Goffar also saw Brennan straddling his son’s back and looking down his pants
with a flashlight. On another occasion, Goffar and his family went to a family
barbecue where there were a lot of other children. Brennan came out of a
bedroom where she and the other children had been playing, and her dress
was tucked into the top of her tights. She was disheveled, and all the other
children appeared to be shaken up. After these incidents, Goffar spoke with
Brennan, and she described engaging in sexual activities with Petitioner.
Goffar then contacted CPS.
Brennan went to see her counselor and
disclosed the abuse to the counselor as well. She was later interviewed at
Brennan testified that she was seven years old at the time of trial. She
testified that she lived with her father and step-mother, and that Petitioner was
her mother. When she used to live with her mother, Petitioner would tell her
that she hated her. Brennan testified that she used to see Petitioner rub her
own “private part” while laying naked in bed. Petitioner told Brennan that she
should try to do it. Petitioner then took Brennan’s arm and forced Brennan to
rub her own private area with her hand. After these incidents, Brennan would
sometimes join Petitioner in bed and they would both rub their own private
areas at the same time.
Brennan went to a place called Care House twice. Brennan did not tell
the woman what happened with Petitioner until her second visit because she
was too embarrassed. Brennan’s father and stepmother did not talk about
Petitioner at all before Brennan told them what happened. No one had ever
told Brennan that Petitioner had done something to Benjamin.
Sarah Visker-Killips testified that she was a private consultant who does
trainings and consultations on child abuse. She worked as a forensic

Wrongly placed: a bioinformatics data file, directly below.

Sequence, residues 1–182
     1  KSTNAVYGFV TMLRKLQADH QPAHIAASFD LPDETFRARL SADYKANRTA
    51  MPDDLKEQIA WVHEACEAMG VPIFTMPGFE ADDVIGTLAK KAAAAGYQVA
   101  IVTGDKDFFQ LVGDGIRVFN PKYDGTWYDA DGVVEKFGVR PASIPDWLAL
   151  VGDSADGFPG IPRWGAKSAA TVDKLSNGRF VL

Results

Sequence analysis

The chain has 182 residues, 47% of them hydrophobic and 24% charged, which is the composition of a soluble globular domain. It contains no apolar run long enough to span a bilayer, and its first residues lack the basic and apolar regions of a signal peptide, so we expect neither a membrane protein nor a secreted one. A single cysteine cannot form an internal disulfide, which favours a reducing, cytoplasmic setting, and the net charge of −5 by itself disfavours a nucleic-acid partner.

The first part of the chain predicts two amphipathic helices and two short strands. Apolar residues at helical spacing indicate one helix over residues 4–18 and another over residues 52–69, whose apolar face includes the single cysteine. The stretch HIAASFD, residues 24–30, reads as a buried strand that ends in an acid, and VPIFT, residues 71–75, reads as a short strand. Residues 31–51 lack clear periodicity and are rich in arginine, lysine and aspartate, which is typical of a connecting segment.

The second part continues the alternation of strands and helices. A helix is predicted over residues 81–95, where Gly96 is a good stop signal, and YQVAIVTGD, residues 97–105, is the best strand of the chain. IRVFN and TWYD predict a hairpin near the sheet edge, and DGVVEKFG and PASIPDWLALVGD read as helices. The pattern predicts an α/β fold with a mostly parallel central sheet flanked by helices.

interviewer at Care House. She reviewed police reports, CPS reports,
transcripts, and the Tennessee interview regarding Benjamin’s allegations of
sexual abuse. Visker-Killips explained the purpose and protocols for forensic
interviews. Because Benjamin was older there was less of a requirement to
ensure he understood the difference between telling the truth and a lie. She
did not recall any specifically leading or suggestive questioning in reviewing
Visker-Killips testified regarding delayed disclosures, the reasons for
delay, and the characteristics of children who delay a disclosure of sexual
abuse. She opined that Benjamin’s behaviors were consistent with other
children who delayed disclosure of sexual abuse. She noted, however, that
it was up for the jury to determine whether Benjamin was being truthful.
On cross examination, defense counsel asked Visker-Killips whether
she was aware of cases in which children were used as pawns in custody
disputes and manipulated to make false accusations of sexual abuse. The
witness testified on redirect that the research showed that the rate of such
false-reporting was between one and four percent.
Based on this evidence the jury returned found Petitioner guilty of the
charged offenses, and Petitioner was subsequently sentenced as indicated